Missouri Appeals Court Affirms Ruling in Priest Abuse Civil Case
By Mark Morris
Kansas City Star
November 12, 2013
The Kansas City Catholic diocese cannot be liable for the actions of a priest alleged to have sexually abused a boy away from church property, an appeals court ruled Tuesday.
The Kansas City Catholic diocese cannot be liable for the actions of a priest alleged to have sexually abused a boy away from church property, an appeals court ruled Tuesday. In the lawsuit, the plaintiff had alleged that the Rev. Michael Tierney (pictured in 1998) had abused him twice in the early 1970s,
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A three-judge panel of the Missouri Western District Court of Appeals upheld a decision last year by a Jackson County judge dismissing civil allegations filed against the Diocese of Kansas City-St. Joseph by a plaintiff identified by the appeals court only as “D.T.”
In his lawsuit, D.T. had alleged that the Rev. Michael Tierney had abused him twice in the early 1970s, once in a hotel room and once in the basement of Tierney’s mother’s home.
Tierney has denied all wrongdoing, and D.T. dismissed his claims against the priest while his appeal of rulings in favor of the diocese was pending.
D.T. filed three negligence claims against the diocese, which the appeals court agreed could not stand because of a 1997 Missouri Supreme Court ruling that limited such actions against religious institutions in order to avoid entangling courts in First Amendment freedom-of-religion issues.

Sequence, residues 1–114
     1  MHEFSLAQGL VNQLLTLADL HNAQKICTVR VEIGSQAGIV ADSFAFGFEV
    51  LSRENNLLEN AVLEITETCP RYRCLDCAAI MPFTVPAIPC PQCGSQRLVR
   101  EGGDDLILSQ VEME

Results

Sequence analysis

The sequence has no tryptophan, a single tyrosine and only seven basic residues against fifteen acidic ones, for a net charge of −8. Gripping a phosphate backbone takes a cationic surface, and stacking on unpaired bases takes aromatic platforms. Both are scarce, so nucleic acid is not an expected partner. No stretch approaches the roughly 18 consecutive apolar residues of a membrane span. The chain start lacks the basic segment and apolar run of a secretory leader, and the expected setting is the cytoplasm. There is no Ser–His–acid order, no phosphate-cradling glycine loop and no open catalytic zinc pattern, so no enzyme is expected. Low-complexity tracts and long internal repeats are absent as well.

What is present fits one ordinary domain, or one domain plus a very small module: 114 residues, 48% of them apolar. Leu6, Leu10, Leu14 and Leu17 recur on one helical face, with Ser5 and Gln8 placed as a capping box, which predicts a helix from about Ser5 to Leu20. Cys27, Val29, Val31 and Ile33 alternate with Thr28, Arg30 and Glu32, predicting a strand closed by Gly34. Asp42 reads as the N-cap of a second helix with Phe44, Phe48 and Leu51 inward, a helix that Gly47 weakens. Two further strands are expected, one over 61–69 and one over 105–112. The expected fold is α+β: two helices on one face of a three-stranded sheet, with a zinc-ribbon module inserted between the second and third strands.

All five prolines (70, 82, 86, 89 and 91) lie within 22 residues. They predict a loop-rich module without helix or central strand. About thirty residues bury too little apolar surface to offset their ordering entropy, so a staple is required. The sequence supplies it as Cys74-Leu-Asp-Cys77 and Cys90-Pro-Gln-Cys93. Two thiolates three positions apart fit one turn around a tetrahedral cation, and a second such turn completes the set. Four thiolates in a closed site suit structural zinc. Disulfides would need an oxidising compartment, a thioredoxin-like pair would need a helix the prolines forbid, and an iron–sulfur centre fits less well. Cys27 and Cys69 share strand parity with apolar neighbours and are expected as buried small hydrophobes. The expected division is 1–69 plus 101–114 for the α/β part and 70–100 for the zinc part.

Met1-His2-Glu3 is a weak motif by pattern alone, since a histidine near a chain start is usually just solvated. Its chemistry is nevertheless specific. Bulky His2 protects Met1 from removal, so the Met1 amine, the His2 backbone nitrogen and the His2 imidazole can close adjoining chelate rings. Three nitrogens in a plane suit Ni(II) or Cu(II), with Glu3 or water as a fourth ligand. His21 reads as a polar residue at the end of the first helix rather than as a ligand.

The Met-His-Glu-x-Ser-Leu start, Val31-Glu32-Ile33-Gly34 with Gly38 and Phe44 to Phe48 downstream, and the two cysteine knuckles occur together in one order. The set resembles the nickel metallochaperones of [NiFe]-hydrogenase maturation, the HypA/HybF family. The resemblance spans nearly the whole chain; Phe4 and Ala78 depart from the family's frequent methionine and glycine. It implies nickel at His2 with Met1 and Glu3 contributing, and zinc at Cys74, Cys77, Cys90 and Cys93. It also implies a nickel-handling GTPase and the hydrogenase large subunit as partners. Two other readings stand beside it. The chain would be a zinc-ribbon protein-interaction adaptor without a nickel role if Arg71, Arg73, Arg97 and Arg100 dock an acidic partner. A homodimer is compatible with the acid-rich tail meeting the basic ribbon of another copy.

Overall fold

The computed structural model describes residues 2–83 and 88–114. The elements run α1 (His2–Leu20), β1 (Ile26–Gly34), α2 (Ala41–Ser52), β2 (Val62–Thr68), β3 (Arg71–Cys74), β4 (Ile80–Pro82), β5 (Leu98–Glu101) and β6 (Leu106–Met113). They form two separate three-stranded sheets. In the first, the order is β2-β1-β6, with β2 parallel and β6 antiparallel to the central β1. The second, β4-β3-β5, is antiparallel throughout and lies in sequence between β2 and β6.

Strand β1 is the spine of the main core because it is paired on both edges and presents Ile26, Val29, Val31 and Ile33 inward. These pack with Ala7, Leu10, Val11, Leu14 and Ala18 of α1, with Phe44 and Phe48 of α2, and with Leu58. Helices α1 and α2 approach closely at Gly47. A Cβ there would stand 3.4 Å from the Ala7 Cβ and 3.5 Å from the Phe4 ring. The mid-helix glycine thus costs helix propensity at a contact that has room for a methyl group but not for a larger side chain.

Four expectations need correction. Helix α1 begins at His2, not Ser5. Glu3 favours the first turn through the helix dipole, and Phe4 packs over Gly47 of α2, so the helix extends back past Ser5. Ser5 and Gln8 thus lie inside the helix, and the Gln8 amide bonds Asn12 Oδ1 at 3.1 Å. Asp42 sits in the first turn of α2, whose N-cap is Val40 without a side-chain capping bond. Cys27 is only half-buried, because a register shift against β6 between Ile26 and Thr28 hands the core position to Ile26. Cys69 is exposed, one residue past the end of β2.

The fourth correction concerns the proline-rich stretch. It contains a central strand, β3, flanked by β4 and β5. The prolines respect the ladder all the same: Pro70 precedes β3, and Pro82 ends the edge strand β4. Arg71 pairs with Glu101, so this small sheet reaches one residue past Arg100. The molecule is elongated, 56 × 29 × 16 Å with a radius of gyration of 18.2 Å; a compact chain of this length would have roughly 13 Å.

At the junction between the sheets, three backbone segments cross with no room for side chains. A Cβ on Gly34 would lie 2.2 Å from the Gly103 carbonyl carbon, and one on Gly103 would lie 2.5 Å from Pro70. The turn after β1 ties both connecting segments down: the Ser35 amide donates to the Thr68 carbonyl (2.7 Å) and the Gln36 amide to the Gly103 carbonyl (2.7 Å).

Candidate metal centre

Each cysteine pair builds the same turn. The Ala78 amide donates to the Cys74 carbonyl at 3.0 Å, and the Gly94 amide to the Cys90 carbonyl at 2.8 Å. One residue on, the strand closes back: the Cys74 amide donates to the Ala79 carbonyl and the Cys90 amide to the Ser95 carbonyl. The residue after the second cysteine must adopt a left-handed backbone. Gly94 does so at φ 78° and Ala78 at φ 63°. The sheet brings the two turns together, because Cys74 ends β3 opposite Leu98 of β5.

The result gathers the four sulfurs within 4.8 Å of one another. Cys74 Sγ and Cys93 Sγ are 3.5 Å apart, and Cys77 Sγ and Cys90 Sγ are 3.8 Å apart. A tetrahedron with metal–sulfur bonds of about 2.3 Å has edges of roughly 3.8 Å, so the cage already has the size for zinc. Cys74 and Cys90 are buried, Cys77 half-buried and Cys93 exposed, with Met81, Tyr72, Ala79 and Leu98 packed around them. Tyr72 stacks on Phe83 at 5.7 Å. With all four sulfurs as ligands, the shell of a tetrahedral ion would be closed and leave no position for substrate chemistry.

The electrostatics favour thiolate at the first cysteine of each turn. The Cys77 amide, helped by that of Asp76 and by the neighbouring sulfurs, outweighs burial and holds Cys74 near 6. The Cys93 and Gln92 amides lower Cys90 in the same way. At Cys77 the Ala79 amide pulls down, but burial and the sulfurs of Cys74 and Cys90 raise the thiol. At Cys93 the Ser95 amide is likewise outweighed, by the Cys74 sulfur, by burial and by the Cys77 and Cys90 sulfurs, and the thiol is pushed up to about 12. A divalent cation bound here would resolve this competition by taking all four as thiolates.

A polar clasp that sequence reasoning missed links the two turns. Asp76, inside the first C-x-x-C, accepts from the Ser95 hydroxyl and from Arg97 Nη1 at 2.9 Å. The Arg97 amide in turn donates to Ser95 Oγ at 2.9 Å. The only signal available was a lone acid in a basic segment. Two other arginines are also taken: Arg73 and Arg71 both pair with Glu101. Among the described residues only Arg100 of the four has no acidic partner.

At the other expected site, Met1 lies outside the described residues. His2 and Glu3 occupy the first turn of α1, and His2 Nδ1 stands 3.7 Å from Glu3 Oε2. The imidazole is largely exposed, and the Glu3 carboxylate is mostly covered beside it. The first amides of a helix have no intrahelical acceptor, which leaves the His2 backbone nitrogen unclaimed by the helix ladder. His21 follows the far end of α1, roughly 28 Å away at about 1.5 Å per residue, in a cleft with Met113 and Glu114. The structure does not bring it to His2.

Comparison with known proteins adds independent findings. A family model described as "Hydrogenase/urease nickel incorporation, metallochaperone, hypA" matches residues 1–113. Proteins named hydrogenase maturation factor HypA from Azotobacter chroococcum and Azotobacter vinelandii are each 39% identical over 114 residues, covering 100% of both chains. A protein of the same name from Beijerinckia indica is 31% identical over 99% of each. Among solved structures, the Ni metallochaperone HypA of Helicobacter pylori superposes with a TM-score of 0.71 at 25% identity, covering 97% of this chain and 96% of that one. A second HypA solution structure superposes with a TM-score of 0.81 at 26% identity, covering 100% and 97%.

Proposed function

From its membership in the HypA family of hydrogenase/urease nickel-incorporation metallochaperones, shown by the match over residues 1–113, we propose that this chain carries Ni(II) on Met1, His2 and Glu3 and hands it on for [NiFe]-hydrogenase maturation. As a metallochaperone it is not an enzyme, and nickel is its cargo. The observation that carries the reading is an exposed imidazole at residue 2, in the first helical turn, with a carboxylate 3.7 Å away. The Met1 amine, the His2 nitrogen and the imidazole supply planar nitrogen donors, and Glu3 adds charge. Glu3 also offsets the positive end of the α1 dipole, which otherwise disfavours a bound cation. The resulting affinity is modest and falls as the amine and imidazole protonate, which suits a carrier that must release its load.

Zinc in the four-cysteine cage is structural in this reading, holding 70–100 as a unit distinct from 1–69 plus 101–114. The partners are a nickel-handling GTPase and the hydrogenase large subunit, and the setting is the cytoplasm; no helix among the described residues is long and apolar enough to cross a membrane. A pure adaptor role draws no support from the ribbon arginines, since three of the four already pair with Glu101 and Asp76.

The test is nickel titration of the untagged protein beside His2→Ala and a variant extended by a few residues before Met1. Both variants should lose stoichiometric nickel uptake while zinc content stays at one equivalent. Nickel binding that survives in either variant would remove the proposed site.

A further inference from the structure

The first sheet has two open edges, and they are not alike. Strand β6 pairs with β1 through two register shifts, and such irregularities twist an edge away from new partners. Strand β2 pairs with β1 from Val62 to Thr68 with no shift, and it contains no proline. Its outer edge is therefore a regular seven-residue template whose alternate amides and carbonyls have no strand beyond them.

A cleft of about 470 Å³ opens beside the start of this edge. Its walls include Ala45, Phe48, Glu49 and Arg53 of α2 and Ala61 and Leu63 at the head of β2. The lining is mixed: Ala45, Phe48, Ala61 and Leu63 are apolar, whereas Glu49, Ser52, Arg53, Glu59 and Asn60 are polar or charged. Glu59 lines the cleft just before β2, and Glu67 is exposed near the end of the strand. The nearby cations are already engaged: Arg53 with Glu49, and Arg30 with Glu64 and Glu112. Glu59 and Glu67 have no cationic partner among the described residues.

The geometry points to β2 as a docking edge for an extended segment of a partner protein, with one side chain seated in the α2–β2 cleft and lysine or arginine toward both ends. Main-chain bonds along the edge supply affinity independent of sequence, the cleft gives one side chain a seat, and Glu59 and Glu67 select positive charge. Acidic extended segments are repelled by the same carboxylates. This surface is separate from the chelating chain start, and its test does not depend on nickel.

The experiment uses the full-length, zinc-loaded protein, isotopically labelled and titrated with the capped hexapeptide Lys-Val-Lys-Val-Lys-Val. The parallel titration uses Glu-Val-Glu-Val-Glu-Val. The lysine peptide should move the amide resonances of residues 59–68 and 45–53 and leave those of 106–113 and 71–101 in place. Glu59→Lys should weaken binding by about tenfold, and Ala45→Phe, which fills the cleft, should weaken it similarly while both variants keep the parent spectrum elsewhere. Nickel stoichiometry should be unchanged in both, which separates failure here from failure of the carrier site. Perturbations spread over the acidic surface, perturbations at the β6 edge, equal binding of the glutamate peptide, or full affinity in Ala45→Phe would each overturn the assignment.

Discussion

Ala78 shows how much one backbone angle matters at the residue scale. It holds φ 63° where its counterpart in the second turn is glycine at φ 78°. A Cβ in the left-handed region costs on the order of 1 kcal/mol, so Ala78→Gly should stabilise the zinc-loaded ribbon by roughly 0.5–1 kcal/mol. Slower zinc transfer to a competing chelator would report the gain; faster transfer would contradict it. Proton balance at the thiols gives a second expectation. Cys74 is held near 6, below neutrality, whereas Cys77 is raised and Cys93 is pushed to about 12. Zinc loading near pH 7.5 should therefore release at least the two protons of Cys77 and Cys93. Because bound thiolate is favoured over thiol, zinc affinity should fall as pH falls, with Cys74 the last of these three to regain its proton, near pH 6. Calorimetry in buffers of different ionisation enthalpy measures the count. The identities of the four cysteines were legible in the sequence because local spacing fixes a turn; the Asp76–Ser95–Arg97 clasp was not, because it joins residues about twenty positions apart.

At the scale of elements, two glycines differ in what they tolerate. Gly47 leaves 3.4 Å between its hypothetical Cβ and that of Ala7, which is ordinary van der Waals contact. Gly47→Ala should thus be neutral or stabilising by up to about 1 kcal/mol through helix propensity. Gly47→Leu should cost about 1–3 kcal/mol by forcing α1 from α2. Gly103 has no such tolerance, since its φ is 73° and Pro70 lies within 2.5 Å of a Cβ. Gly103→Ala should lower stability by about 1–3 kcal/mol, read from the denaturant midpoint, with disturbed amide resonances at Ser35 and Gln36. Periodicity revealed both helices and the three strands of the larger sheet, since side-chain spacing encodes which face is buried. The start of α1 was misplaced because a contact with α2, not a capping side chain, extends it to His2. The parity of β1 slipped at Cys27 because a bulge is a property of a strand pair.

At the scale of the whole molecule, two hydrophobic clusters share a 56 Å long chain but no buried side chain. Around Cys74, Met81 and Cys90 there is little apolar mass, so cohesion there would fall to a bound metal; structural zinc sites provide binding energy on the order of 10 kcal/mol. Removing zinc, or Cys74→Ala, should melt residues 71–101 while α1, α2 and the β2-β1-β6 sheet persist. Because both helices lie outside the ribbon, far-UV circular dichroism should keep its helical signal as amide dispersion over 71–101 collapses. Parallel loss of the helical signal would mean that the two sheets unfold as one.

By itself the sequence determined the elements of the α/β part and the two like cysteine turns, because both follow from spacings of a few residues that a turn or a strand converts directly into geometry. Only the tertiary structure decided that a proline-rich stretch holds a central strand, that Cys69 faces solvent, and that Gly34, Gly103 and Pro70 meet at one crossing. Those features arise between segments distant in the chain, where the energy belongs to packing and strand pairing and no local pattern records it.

The appeals court also affirmed the judge’s earlier decision to throw out D.T.’s claim that the diocese intentionally failed to properly supervise Tierney.
Under the Supreme Court’s 1997 ruling, the abuse would have to occurred on church property for the diocese to be liable under that theory, the appeals court ruled.
Still, the appeals judges suggested that the high court review its 1997 ruling.
“Perhaps this is a case that our Supreme Court may wish to accept on transfer to clarify application of the elements of the tort of intentional failure to supervise clergy that it previously announced” in 1997, the appeals ruling noted.
A spokesman for the diocese declined to comment on Tuesday’s ruling. In a statement on the Jackson County judge’s ruling last year, the diocese described the decisions as “just responses to the facts and relevant law,” but added that “any person who has suffered sexual abuse deserves care and compassion.”
A lawyer representing D.T. could not be reached for comment.
To reach Mark Morris, call 816-234-4310 or send email to email@example.com